Read the executive summary of the U.S. Solar Market Insight report at

Largest NYC Solar Installation With 4760 Panels Completed

The Ross Solar Group has completed installation of 4,760 solar panels at the Jetro Cash and Carry’s Restaurant Depot facility in New York City.

Solar panels at Jetro facility in the Bronx

Solar panels at Jetro facility in the Bronx (photo – Ross Solar Group)

This 1.56 Megawatt solar installation, located in the Hunts Point section of the Bronx, is the largest solar project in NYC under New York State’s NY-Sun initiative.

Jetro Vice President Peter Claro said they had been considering a solar project for several years, but wanted to make sure it made financial sense as a company, and that the returns would meet their requirements.

The project is now expected to fulfill 45 percent of the building’s power consumption, leading to annual savings of $220,000.

The key to making a solar project of this size viable was the smart grid technology used, and the successful implementation now opens the way for similar large solar projects.

The PV system used at the Jetro site is the first to be remotely controlled by Con Edison using the supervisory control and data acquisition (SCADA) communications system.

Robert Schimmenti, vice president for Engineering and Planning, Con Edison, said that their smart-grid innovations made it possible for this customer to harness the power of the sun with NYC’s largest solar installation ever. Schimmenti said they believe this technology opens the way for other large solar arrays, and this means a more reliable electrical grid and cleaner air for everyone.

To facilitate the project, Ross Solar was awarded a grant under the NY-Sun Initiative by the New York State Energy Research and Development Authority (NYSERDA).

Jetro broke ground on the 200,000-square-foot environment-friendly facility in 2011. The $50 million construction project was facilitated by up to $21 million in tax incentives approved by the New York City IDA. The tax incentives helped create and retain nearly 200 jobs which might otherwise have been relocated to a lower cost location in New Jersey.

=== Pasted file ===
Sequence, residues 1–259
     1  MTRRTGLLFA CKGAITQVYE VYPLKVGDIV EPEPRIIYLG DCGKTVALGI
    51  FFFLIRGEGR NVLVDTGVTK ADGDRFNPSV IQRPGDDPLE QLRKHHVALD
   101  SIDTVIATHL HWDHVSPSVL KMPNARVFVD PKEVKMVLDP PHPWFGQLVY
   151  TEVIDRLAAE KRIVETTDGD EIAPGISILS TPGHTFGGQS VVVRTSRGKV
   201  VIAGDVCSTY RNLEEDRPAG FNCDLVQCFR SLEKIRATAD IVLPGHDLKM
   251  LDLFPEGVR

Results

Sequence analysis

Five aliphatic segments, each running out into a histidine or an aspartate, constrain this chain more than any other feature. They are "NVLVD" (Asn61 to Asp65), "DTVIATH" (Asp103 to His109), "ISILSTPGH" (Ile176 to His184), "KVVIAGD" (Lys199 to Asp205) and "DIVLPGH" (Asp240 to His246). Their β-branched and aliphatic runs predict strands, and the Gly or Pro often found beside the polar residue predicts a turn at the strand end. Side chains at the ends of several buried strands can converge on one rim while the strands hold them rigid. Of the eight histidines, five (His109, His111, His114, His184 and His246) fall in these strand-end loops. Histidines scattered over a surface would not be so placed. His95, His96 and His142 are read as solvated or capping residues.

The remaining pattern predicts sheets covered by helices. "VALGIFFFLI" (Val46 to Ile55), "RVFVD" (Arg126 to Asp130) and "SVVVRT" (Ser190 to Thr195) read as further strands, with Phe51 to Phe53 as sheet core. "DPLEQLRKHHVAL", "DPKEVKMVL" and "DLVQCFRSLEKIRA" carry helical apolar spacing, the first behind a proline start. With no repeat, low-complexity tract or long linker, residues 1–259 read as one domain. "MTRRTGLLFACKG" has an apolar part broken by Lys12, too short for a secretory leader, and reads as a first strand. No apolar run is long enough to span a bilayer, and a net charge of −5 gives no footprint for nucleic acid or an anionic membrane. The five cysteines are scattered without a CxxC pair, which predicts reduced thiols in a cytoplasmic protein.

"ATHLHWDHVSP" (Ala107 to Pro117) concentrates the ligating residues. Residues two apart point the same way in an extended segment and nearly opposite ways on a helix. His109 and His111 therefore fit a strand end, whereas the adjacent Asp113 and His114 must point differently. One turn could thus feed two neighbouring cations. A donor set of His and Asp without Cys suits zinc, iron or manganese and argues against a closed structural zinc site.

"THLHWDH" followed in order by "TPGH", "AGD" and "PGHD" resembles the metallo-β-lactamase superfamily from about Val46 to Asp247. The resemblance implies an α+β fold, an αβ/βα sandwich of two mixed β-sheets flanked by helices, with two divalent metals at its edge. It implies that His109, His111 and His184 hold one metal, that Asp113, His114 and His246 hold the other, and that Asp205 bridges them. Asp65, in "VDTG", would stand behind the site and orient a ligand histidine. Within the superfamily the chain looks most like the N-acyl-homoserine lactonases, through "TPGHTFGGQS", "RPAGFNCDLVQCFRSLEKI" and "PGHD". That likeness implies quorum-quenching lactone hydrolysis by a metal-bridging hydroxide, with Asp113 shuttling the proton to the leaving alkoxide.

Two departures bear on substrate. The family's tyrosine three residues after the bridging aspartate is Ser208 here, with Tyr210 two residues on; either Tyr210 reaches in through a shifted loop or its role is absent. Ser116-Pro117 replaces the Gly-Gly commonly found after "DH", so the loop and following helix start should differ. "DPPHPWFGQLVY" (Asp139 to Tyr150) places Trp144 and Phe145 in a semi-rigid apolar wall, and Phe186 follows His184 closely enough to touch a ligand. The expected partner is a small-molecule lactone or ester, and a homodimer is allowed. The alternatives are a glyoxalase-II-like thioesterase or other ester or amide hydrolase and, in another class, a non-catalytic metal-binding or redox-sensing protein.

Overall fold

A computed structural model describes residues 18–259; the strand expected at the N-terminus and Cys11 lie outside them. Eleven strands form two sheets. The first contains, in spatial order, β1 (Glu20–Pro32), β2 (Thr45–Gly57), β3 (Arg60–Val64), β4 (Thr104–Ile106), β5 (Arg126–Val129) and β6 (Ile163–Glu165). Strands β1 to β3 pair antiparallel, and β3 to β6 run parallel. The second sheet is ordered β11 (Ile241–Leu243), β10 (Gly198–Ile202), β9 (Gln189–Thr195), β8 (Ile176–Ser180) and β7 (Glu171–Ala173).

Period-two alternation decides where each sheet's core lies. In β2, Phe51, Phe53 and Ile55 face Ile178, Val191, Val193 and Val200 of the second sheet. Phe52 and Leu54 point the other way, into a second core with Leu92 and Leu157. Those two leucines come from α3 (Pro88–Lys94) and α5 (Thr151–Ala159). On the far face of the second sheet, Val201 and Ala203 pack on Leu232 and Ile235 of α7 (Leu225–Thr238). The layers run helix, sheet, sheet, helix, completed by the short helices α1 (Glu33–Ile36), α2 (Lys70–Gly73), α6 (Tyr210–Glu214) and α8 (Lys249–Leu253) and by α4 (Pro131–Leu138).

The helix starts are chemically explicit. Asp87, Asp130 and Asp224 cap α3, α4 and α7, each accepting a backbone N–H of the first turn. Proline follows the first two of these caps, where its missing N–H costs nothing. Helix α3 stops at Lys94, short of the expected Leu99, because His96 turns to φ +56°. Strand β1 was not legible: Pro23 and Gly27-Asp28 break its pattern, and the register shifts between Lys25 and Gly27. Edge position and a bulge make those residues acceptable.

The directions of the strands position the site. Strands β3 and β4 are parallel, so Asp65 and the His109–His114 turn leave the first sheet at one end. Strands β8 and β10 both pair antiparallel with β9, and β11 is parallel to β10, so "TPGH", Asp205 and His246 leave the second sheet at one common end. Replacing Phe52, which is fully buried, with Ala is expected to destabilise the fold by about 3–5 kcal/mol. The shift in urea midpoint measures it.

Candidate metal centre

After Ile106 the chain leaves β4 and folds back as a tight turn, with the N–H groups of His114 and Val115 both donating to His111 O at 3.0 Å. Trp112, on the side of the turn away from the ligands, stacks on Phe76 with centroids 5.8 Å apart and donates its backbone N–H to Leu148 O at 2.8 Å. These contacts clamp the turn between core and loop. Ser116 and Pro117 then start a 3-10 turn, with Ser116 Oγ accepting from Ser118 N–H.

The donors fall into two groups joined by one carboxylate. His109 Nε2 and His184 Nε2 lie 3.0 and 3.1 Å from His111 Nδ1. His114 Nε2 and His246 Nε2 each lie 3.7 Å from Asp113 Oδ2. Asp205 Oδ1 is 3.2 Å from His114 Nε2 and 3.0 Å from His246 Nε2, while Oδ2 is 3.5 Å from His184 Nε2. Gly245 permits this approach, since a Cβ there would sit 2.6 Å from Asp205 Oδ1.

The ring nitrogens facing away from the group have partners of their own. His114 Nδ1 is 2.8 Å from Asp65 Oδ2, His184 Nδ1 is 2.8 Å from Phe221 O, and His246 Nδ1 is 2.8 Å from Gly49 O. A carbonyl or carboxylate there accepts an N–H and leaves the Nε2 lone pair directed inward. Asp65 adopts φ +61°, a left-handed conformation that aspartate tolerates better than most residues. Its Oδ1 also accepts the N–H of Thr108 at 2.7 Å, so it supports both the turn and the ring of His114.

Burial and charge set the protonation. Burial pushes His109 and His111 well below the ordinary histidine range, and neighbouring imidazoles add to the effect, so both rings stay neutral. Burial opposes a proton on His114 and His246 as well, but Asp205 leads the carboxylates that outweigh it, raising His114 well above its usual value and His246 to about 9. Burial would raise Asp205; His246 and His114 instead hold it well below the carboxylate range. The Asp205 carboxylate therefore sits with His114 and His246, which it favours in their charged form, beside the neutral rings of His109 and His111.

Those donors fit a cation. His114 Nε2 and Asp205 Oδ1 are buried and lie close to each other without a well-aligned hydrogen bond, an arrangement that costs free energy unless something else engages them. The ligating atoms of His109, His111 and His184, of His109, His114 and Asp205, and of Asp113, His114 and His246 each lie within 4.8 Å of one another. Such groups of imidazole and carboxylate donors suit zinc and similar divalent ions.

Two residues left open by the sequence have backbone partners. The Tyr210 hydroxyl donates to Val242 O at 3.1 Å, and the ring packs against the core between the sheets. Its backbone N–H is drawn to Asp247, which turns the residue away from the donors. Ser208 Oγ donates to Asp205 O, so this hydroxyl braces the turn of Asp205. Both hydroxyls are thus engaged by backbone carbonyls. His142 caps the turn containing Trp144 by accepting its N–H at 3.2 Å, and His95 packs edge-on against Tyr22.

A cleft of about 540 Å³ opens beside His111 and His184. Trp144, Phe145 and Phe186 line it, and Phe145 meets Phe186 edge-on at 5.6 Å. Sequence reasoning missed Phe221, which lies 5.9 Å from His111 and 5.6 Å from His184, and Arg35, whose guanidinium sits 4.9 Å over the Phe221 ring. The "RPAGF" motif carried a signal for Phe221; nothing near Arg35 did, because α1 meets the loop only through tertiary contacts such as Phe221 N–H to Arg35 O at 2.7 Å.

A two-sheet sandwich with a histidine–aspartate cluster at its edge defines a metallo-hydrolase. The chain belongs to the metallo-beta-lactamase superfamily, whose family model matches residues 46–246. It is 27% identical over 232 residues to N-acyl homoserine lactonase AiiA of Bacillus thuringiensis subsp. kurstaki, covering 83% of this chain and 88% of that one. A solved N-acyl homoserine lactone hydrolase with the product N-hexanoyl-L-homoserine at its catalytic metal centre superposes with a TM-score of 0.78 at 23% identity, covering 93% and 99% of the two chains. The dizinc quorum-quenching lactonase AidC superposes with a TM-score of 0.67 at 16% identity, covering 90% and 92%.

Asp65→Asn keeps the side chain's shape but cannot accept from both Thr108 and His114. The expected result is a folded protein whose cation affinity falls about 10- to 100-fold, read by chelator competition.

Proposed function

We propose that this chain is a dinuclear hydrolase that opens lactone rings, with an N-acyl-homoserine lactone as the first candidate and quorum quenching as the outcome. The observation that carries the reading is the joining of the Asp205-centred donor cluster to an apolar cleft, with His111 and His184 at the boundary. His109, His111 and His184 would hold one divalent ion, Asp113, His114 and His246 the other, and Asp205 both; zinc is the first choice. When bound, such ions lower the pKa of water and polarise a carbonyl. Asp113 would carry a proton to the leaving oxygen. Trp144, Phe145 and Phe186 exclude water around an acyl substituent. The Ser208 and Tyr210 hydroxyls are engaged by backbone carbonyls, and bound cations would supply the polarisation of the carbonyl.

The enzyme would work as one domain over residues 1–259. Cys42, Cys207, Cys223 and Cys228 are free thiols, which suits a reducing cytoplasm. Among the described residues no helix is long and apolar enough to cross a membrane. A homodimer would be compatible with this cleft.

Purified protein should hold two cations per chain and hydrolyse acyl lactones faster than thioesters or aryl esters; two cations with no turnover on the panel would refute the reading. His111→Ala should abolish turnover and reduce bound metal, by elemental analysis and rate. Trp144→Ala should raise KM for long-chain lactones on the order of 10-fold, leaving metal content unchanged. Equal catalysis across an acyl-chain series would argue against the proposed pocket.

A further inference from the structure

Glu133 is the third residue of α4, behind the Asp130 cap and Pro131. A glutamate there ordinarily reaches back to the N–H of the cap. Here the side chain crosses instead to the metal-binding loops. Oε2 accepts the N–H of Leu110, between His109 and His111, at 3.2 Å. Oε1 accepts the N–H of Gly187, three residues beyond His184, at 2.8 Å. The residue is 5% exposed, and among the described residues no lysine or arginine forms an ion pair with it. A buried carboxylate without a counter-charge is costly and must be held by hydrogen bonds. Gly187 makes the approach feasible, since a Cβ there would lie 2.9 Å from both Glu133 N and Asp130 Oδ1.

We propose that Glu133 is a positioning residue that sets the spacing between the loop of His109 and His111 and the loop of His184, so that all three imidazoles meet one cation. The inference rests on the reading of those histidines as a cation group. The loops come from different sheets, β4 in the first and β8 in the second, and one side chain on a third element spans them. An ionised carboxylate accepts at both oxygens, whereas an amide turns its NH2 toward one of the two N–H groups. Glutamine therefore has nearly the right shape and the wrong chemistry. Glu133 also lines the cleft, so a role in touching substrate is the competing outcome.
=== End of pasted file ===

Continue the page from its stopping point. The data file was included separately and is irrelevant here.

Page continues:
New York Governor Andrew M. Cuomo said this project in the Bronx demonstrates that large solar projects are viable in New York City, and added that they hoped to see other businesses follow Jetro Cash and Carry’s lead, now that additional NY-Sun funding was available.

Gov. Cuomo also announced that another $30 million is now available under NY-Sun’s Competitive PV Program for stimulating large-scale solar and biogas projects in NYC and the Hudson Valley.

The Jetro solar project may seem like a big deal, but there’s a much bigger one in the works. Last month, NYC Mayor Michael R. Bloomberg announced that Freshkills Park on Staten Island will house the largest solar energy installation in New York City.

Around 47 acres on Freshkills Park, formerly the world’s largest landfill, will be leased to SunEdison for setting up a solar project that will generate up to 10 megawatts of power with the help of an estimated 30,000 to 35,000 solar panels. This project is expected to increase New York City’s renewable energy capacity by 50 percent.

Northeast, Mid-Atlantic States Petition EPA Against Upwind States

Eight Mid-Atlantic and Northeastern States have teamed up to petition the U.S. Environmental Protection Agency (EPA) to help reduce pollution carried in by the wind from upwind states.

Ozone Transport Map

Ozone Transport Map (photo –

The downwind states claim they have spent billions to reduce their own emissions and clean up the air pollution, while the upwind states have benefited by offering businesses cheaper power produced by coal plants with no emission limit constraints.